Museum of Contemporary Art North Miami (MOCA) to Present Retrospective of Late Afro-Caribbean Artist Michael Richards

The Museum of Contemporary Art North Miami (MOCA) is pleased to present the exhibition “Michael Richards: Are You Down?” ― the first museum retrospective of the work of Michael Richards, an Afro-Caribbean artist whose sculptural and drawing practice reflects on issues of racial inequity, anti-blackness, and diasporic identity. Richards passed away in the Sept. 11, 2001, terror attacks while working in his Lower Manhattan Cultural Council World Views studio, located on the 92nd floor of World Trade Center Tower One. The exhibition will be on view from April 21 through Oct. 10, 2021, running through the 20th anniversary of 9/11.

Born in Brooklyn in 1963, and raised in Kingston, Jamaica, Richards was 38 at the time of his passing. He was an emerging artist whose incisive aesthetic held immense promise to make him a leading figure in contemporary art. Co-curated by Alex Fialho and Melissa Levin, “Michael Richards: Are You Down?” marks the largest exhibition of Richards’ work to date.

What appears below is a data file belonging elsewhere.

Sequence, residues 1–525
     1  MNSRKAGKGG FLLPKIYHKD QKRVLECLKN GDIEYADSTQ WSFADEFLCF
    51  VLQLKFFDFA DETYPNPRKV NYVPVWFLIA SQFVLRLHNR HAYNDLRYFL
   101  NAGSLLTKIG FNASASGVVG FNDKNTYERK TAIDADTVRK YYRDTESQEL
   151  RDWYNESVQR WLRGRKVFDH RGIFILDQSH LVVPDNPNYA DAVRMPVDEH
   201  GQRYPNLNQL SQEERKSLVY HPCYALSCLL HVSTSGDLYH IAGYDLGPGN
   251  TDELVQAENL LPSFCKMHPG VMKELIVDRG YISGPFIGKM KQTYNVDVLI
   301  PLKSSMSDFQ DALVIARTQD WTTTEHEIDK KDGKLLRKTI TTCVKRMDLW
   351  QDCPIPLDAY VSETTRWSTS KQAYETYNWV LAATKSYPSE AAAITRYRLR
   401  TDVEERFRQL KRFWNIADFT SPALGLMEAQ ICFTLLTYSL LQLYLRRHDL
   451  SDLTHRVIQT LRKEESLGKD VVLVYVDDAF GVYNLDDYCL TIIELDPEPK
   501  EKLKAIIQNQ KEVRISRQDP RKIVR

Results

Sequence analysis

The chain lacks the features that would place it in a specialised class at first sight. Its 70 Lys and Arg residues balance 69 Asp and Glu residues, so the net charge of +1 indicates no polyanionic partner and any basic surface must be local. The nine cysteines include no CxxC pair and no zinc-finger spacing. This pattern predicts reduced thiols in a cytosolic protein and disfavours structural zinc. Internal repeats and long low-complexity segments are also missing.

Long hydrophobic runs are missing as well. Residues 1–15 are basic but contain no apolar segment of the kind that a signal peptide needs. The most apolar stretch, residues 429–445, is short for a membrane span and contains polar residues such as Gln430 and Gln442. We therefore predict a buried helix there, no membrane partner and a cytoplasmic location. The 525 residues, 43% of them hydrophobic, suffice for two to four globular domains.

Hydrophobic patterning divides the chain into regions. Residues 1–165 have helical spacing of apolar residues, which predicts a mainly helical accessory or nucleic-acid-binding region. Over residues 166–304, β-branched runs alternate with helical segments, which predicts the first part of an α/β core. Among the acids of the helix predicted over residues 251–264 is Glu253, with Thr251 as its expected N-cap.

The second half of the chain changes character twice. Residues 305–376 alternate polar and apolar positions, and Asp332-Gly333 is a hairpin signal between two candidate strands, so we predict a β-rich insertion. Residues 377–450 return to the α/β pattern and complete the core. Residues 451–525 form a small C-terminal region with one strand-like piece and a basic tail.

Richards used the language of metaphor to investigate racial inequity and the tension between assimilation and exclusion in his art. Aviation, flight and escape were central themes, gesturing toward both repression and reprieve from social injustices, and the simultaneous possibilities of uplift and downfall, often in the context of the historical and ongoing oppression of Black people.

In a 1997 interview for the Bronx Museum of the Arts, Richards stated, “I think history has always been important to me because if you examine the past you can also read the symptoms of what is prevalent now in terms of racial associations and the relationships of power present in our society today. History is interesting in terms of how we mythologize it, how we accept history or interpretations of history as fact, and whose interpretation it is. In many ways my history is so different from the official white versions.”